The effect of pressure on initiation seems to be of importance, since pressure is developed during the burning of gunpowder and may influence the ignition of  unreacted powder. Also, during impact, high pressures are developed and their  effect on ease of initiation may be important. By applying an external gas pressure to the hot-wire apparatus, this could be tested. The wire coil and glass tube were placed in a steel vessel which could be filled with argon from a cylinder to any desired pressure up to 90 atm. Some preliminary experiments on this apparatus showed that as the pressure was increased, the conductivity of  the gas increased very rapidly and the wire coil cooled. To overcome this, a series of blank experiments was carried out using a dummy powder and the current adjusted at each pressure until the resistance of the wire remained constant. The effects of convection in this apparatus appeared to be small and, by suitable adjustment, the temperature of the wire could be kept reasonably constant. Having determined the conditions of experiment, gunpowder was substituted, fine powder (150 mesh) being used throughout, and the delay to ignition determined as a function of the pressure, the temperature being maintained constant. The results are shown in figure 8. It can be seen that there is a large initial drop in delay over the first 30 to 40 atm, and that when 70 atm is reached, the delay is of the order of the time required to heat the wire to its full temperature. The o temperature of the wire at atmospheric pressure is approximately 300 C. If these results are compared with those for initiation with a hot wire, the analogy is apparent. Increasing the pressure while maintaining the temperature constant has a similar effect to increasing the temperature while maintaining the pressure constant. Both decrease the delay time for ignition. Ignition by Spark  Some experiments were carried out on spark initiation. The method used was to charge a condenser to a high potential and then to discharge it near gunpowder. . By this means a spark of very short duration of the order of 10 5 s could be produced, the inductance in the circuit being kept to a minimum. When this experiment was carried out with grained or with fine gunpowders, it was found that the powders were scattered and the spark did not effectively touch them. This is because the resistance of the powder is higher than that of the ionized air. When fine powder was confined as a plug in a glass tube of 4 mm internal diameter and the plug was of a thickness less than the breakdown gap for the condenser, initiation could be obtained with potentials of 4 kV and a capacity of  . 1 2 µF. Various voltages and capacities were used, and minimum energy 8 required for initiation was of the order of 10 ergs in all cases. The initiation of  grained powders could not be achieved even when the grains were held in a tube and higher capacity was used; again the spark by-passed the grains. This high resistance of the particles suggests that the surface of the grains may be coated with a layer of sulphur.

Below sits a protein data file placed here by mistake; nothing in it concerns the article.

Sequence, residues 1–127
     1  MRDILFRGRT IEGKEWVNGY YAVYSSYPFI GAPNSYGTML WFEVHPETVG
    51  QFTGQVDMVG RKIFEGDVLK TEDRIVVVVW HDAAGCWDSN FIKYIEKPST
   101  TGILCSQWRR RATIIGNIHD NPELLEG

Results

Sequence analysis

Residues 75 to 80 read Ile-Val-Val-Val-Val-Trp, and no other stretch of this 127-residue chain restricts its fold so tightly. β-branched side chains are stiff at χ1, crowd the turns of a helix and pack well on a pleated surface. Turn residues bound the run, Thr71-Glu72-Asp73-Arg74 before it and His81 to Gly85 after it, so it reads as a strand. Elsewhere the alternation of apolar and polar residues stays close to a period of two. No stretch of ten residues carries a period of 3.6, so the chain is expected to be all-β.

PART II. BURNING AND THE PROPAGATION OF BURNING This part will describe an experimental study of growth of the explosion. A distinction may be made between the rate of grain burning, that is to say, the rate at which the individual grains are consumed and the rate of propagation, that is, the rate at which the reaction spreads from grain to grain. Comparatively little work on this has been published. It is well known that the rate of propagation is dependent on pressure (Andrev 1945), and Kast (19 13) has measured the rate of propagation in glass tubes. A study both of the burning of the grains and the propagation has been made by high-speed flash photography and by moving-drum camera techniques. Experimental  A simple method of obtaining a measure of grain burning and of propagation in gunpowder is by the streak method. In this method, the powder is placed above a narrow slit 0.1 mm. wide, and the image of this slit is focused on to the drum of  a drum camera. The general experimental arrangement was similar to that used by Bowden et al. (1947) for study of high explosives. By covering the slit with gunpowder and igniting it in the centre, a wedge-shaped light trace could be obtained from which the grain burning rate and propagation rate could be calculated provided that the magnification and the speed of rotation of the drum were known. This method is only useful in measuring the duration of light output and the rate at which it is changing. Any phenomena not emitting actinic light would not be observed. In order to obtain some information on the processes not emitting light, use was made of shadow photography. Here, a series of pictures was taken with the gunpowder silhouetted against a light source. The sample to be photographed is placed near the condenser lens on the camera side, and the image of this object is focused on to the camera drum. On the other side of the condenser lens is mounted the light source at such a distance that it will converge at the camera lens. A Trigatron tube (CV 85) was used as a light source; this is the spark gap of a Pulse Modulator, type 64, used for pulsing a magnetron. The unit consists of a multivibrator supplying pulses at a repetitive rate from 400 to 2000 c/s. These pulses are shaped electrically and applied to the spark gap as 1 µs pulses with a sharp 'ring'. The spark gap is triggered, and charged condensers in a delay line are discharged across the main gap. The output of light lasts only 1 to 2 µs provided the output of the unit is terminated in a non-reactive load of 70 ohms. The spark gap itself is housed in a glass envelope filled with argon at 3 atm. and containing a small amount of oxygen to assist de-ionization. Suitable adjustment of some of the components of the multivibrator allow the unit to be pulsed up to approximately 8500 c/s before unreliable operation of the spark gap becomes serious. This increase in operating frequency also requires a change in the delay line and increase in the